As soon as the torch went out the atmosphere of the forest intensified. As her eyes slowly became accustomed to the darkness she started to notice the outlines of canopies above them where trees were silhouetted against the pale moonlight.
The sounds around them became more noticeable; the shuffling of an animal through the undergrowth, the whistling of the wind through the trees, and now and then the cry of some creature being captured in the darkness.
As they sat quietly, the noises seemed to become louder still until both visitors felt absorbed into the forest world.
—Emily Arden, Lie to me: Deception: Book Two
Early one beautiful summer evening, when everyone else was drinking indoors, Tony and I walked down to the river. We lay on the grass under a tree and chatted. At one point, Tony said, “Look at the pattern of lace the leaves make against the sky.” I looked at the canopy above us, and suddenly saw what he saw. My perspective completely shifted. I realized I didn’t have his “eyes” — though once he pointed it out, it became obvious. It made me think, “My God, I never look enough,” and in the years since, I’ve tried very hard to look —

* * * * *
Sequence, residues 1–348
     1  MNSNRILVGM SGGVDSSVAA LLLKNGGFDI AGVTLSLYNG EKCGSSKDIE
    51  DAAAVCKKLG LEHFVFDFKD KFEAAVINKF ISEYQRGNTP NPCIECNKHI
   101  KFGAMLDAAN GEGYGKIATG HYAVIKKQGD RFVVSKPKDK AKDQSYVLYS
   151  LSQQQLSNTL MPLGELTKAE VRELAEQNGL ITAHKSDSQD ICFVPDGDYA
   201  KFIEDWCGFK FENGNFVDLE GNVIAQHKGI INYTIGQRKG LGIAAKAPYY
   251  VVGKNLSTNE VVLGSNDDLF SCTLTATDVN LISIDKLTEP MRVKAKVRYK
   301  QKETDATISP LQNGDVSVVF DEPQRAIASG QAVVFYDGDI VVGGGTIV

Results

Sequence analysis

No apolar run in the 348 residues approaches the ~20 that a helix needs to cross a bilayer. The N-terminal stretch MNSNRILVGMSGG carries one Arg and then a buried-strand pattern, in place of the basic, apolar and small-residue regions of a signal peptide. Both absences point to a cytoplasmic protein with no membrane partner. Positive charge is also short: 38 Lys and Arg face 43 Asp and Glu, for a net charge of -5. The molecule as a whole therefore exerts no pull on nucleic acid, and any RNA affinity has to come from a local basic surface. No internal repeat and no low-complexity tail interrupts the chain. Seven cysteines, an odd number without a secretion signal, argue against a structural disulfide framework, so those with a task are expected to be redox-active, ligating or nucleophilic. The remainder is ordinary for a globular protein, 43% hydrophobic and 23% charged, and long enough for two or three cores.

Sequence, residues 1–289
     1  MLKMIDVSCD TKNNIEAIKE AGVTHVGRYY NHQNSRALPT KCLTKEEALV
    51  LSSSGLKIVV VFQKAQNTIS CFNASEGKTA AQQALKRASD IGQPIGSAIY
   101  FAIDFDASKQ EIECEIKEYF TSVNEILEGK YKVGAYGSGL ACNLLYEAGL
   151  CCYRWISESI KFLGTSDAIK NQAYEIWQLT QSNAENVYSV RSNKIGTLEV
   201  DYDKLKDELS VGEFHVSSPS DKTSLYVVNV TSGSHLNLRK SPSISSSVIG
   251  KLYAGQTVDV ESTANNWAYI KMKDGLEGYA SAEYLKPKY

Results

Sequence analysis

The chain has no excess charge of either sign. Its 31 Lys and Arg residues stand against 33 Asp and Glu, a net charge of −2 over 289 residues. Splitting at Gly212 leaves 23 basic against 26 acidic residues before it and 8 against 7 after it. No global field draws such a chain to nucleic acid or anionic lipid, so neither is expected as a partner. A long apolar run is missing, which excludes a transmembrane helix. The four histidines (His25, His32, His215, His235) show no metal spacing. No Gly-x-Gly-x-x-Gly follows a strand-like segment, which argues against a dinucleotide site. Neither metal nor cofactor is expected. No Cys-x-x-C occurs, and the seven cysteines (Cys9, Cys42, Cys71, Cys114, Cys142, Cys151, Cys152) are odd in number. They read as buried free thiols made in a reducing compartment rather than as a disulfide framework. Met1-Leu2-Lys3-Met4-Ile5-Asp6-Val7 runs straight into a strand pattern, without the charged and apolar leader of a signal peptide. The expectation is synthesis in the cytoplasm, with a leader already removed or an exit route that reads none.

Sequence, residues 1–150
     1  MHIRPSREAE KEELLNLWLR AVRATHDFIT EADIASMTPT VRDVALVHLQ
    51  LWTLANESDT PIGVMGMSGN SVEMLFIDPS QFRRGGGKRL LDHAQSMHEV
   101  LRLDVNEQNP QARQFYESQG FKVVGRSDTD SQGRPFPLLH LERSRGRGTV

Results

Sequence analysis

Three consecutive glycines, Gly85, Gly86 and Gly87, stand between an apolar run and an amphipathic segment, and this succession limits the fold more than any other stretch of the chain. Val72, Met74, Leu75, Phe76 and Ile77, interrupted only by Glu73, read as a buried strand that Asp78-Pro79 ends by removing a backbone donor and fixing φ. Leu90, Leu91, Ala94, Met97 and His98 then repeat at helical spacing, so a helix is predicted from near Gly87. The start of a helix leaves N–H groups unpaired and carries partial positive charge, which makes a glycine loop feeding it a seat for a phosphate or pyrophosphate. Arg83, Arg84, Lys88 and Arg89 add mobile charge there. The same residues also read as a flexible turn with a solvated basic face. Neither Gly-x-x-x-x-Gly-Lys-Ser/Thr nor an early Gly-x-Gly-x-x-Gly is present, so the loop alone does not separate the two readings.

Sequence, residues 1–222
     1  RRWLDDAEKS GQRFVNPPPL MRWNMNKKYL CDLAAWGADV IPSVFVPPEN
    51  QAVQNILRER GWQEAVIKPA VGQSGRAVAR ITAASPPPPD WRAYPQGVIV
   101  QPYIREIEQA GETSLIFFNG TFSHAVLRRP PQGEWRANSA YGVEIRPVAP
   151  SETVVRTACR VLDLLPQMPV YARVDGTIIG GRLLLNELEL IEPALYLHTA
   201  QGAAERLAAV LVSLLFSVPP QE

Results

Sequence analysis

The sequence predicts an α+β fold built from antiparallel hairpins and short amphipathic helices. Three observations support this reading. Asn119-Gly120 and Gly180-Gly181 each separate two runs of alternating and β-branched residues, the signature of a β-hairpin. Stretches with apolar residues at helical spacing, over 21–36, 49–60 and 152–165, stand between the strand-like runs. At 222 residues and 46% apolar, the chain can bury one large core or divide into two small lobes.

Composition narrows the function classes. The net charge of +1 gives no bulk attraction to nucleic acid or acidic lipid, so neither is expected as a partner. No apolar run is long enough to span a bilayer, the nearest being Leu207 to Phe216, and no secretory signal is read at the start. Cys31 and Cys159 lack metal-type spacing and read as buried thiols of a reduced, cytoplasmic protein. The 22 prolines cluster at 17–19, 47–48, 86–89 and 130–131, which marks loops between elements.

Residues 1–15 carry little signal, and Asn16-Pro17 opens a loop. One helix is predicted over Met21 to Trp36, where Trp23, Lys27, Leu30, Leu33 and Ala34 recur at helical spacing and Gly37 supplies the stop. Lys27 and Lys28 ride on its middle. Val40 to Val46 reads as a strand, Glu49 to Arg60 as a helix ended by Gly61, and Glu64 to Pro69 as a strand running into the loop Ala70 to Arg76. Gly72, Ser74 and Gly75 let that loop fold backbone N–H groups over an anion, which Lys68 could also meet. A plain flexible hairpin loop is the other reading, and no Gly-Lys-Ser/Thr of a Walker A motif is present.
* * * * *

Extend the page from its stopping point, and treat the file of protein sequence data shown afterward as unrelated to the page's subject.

and look again.
―Julie Andrews, Home: A Memoir of My Early Years
“I got a statistic for you right now. Grab your pencil, Doug. There are five billion trees in the world. I looked it up. Under every tree is a shadow, right? So, then, what makes night? I’ll tell you: shadows crawling out from under five billion trees! Think of it! Shadows running around in the air, muddying the waters you might say. If only we could figure a way to keep those darn five billion shadows under those trees, we could stay up half the night, Doug, because there’d be no night!”
In the rain forest, no niche lies unused. No emptiness goes unfilled. No gasp of sunlight goes untrapped. In a million vest pockets, a million life-forms quietly tick. No other place on earth feels so lush. Sometimes we picture it as an echo of the original Garden of Eden—a realm ancient, serene, and fertile, where pythons slither and jaguars lope. But it is mainly a world of cunning and savage trees. Truant plants will not survive. The meek inherit nothing. Light is a thick yellow vitamin they would kill for, and they do. One of the first truths one learns in the rain forest is that there is nothing fainthearted or wimpy about plants.
―Diane Ackerman, The Rarest of the Rare: Vanishing Animals, Timeless Worlds
Synkroniciti is very excited to unveil our first online collaborative project, titled Trash Talking: Letters from Discarded Paper. It features provocative images by Michael Bogdanffy-Kriegh paired with my poetry. These poems take the form of letters from the paper objects pictured, giving them voices which range from humorous to tragic, from idealistic to cynical.